Mini idea: slice length patterns

The point of pattern matching is that you don't just want to check its length. You want to check the length and usually several other things. For instance that the first and third and last elements of a length 10 slice are 1; and then maybe there are other match arms.

To me the main justification of this is that pattern matching should feel like a complete language, having odd gaps in the language usually adds friction in ways that don't get bubbled up and reported. Is length matching important? Maybe not, but if somebody feels motivated to add it it certainly makes sense. In the meantime I don't think the current syntax is overly burdensome, except maybe wrt exhaustiveness checking.

4 Likes

Maybe this could overlap with pattern types to allow capturing the length as a variable too

match slice {
    &[..; n is 13..=23] => println!("slice has length {n}"),
    _ => (),
}
1 Like

I don't think this needs pattern types:

match slice {
    &[..; n @ 13..=23] => println!("slice has length {n}"),
    _ => (),
}
2 Likes

I'd say the proposed syntax doesn't scale well to more complex conditions. [..; 20] kinda makes sense, it reminds of the array syntax. Unfortunately, it's also basically useless for something more than a length check. A simple pattern could be applied to each element, but I doubt it would be a common use case.

[..; 20..=30] is pushing it, imho. It also kinda makes sense, but personally I find it looks unwieldy. Maybe it's just a matter of familiarity.

But [.., 3; 20..=39] is definitely something outlandish. It doesn't have any parallel in the syntax of arrays or vec!, and my immediate reaction is that ".., 3 pattern is applied 20-30 times`, which is neither a correct interpretation nor makes any sense.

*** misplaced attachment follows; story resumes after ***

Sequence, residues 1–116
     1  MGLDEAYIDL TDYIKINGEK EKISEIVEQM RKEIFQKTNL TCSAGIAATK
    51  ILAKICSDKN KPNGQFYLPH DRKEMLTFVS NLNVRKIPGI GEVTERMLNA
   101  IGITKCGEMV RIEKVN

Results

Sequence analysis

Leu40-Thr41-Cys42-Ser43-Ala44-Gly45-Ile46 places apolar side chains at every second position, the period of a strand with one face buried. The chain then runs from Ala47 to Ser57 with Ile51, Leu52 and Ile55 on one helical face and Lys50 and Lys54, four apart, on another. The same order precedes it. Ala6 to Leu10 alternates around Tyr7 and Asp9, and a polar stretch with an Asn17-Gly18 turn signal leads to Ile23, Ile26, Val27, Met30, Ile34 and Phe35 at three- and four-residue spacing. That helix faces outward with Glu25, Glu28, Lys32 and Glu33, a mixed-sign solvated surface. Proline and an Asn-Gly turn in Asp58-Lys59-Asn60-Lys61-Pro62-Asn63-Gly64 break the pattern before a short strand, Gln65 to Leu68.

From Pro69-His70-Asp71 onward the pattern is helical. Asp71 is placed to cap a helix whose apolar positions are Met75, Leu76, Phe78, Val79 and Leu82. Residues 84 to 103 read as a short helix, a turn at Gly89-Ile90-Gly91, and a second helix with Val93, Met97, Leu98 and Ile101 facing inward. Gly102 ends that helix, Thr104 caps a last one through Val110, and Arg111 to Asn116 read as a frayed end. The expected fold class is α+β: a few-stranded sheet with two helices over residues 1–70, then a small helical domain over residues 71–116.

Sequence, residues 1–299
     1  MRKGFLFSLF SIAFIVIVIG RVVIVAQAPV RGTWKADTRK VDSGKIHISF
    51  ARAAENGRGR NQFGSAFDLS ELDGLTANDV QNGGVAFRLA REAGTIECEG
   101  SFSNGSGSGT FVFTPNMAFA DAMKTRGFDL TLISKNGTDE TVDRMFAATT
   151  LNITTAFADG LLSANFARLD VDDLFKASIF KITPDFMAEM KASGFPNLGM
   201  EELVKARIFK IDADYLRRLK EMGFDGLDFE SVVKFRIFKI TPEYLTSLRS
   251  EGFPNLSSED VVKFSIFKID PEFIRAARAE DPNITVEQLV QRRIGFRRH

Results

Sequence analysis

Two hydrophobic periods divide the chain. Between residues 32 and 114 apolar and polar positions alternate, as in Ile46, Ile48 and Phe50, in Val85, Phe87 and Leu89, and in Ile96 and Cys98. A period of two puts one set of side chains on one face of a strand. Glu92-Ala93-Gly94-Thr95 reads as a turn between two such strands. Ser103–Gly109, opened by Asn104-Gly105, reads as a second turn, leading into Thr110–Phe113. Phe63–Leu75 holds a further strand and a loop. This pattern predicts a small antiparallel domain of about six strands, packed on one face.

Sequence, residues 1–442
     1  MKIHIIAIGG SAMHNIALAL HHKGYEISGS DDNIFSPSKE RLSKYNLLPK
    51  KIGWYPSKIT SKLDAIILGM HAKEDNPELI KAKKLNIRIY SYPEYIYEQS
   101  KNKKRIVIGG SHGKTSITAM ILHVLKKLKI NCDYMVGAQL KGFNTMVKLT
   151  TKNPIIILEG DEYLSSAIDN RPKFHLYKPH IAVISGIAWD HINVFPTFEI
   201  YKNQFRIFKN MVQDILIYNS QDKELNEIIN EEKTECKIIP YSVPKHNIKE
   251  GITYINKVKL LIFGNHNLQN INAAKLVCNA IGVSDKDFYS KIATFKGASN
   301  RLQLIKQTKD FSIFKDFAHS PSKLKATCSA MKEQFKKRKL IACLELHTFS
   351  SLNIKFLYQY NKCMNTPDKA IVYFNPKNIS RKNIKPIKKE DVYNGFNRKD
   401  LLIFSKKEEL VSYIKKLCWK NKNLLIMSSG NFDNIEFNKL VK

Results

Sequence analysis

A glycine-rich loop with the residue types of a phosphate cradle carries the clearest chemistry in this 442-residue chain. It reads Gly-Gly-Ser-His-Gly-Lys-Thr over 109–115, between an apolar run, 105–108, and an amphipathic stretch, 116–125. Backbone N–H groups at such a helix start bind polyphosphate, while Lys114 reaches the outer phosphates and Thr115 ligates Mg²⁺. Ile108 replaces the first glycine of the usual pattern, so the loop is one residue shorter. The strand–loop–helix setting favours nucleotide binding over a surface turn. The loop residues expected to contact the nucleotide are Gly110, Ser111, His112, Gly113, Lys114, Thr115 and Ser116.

My core objection is that such patterns are simply not something that I missed in my code. Yes, it allows to simplify conversion of slices into arrays since you don't need a redundant unreachable!() branch, but that's a non-issue in practice since we already have a TryFrom<&[T]> impl for [T; N].

On the other hand, I have often missed a more simple thing: if we pop an element from the front or back of an array, we get an array of size 1 less. That kind of stuff is very common in low-level parsing, and doesn't need any weird syntax for the inner slice length. I.e. basically this:

let arr: [T; N] = ...;
match arr {
    [a, b, c @ .., d] => {
            // Here a: T, b: T, d: T, and c: [T; N - 3]
            // We don't need to consider "what if N < 3" even in const-generic code,
            // since the pattern above already guarantees N >= 3.
        }
    _ => { todo!() }
}
1 Like

The .., 3 part has meaning now, that meaning will not change. A syntax for "repeating 3's" would be nice, and should probably be thought through even if it isn't implemented at first.

As for [.., 3; 20..=39], but I can think of multiple places (mostly command parsing) where I have wanted to match against something like ["foo", stuff @ .. "separator", more_stuff; 4..=5]. Obviously this can be accomplished in other ways (you can express many things in a programming language); it is a hole in what can be expressed via the pattern language.

2 Likes

Without this feature, couldn't one write this?

match (slice, slice.len()) {
    ([1, x, 1, .., 1], 10) => todo!(),
    _ => todo!(),
}

Of course, it does require writing the name of the slice twice.

1 Like

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